"The liberation of Mosul and the inevitable, approaching liberation of Raqqa in Syria will not be the end of the Islamic State and its evil ideology. But they crush the group’s pretense to having an actual “state” based upon it. As its surviving leaders scurry to the corners of the desert, no longer can they claim to head a winning movement. Their defeat diminishes the inspiration for violent extremists, or simply lost souls on social media, to attack Americans and our friends. This is a necessary step forward in combating terrorism. Americans are safer for it."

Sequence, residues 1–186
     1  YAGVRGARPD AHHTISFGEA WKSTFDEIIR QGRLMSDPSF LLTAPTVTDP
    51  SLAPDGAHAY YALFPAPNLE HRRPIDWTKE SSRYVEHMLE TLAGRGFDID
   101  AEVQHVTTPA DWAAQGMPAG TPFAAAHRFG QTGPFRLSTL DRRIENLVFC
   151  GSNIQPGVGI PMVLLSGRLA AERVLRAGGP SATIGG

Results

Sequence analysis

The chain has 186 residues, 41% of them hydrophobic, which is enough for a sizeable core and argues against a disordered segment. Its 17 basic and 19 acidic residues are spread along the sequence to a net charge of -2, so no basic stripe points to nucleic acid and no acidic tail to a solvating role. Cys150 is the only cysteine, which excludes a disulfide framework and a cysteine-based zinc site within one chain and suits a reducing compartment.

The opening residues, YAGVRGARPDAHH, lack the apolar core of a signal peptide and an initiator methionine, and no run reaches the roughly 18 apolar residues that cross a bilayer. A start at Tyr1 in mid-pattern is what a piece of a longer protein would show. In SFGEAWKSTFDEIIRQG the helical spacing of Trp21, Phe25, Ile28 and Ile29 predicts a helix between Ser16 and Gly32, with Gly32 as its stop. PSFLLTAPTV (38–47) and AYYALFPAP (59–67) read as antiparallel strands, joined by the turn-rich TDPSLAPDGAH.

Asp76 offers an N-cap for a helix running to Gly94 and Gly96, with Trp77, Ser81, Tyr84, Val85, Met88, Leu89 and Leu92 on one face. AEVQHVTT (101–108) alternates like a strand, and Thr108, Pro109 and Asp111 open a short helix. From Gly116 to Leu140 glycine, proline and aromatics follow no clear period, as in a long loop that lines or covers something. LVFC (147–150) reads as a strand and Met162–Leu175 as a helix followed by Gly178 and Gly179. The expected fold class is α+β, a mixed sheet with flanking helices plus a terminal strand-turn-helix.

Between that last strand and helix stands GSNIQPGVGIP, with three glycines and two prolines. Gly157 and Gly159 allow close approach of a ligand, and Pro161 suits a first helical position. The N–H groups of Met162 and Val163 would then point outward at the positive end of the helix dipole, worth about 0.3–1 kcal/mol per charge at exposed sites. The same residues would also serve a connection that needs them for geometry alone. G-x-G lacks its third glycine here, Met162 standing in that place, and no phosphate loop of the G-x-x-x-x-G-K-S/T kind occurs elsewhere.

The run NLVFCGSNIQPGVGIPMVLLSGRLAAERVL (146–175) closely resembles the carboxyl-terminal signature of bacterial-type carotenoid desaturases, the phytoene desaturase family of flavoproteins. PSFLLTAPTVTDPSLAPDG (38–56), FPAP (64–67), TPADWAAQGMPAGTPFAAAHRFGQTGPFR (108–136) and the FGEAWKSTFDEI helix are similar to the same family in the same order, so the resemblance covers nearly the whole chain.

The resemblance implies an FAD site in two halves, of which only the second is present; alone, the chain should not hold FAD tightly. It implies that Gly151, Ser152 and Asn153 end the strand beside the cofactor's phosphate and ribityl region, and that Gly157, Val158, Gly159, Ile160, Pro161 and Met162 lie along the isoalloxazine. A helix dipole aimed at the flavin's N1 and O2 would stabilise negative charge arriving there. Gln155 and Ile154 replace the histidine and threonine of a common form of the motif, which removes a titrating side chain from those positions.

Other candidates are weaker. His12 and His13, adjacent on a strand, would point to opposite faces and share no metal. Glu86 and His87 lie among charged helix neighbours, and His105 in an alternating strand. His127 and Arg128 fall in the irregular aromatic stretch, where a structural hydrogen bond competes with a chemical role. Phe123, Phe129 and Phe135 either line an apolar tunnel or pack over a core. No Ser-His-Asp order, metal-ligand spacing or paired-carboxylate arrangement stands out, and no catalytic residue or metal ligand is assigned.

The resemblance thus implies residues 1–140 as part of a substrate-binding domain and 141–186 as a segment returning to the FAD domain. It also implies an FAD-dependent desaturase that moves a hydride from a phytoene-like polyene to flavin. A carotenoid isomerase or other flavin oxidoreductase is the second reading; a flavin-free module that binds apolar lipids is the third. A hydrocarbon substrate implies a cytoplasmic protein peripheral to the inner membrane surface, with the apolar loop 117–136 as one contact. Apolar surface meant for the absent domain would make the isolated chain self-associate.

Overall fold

Elaine C. Kamarck is a Lecturer in Public Policy who came to the Kennedy School in 1997 after a career in politics and government. In the 1980s, she was one of the founders of the New Democrat movement which helped to elect Bill Clinton president. She served in the White House from 1993 to 1997, where she created and managed the Clinton Administration's National Performance Review, also known as "reinventing government." At the Kennedy School, she served as Director of Visions of Governance for the Twenty-First Century and as Faculty Advisor to the Innovations in American Government Awards Program. In 2000, she took a leave of absence to work as senior policy adviser to the Gore campaign. She conducts research on twenty-first century government, the role of the Internet in political campaigns, homeland defense, and governmental reform and innovation. She teaches courses on twenty-first century government, innovation, and electronic government. Kamarck received her Ph.D. in political science from the University of California, Berkeley.Last Updated: Jan 6, 2017, 12:57pm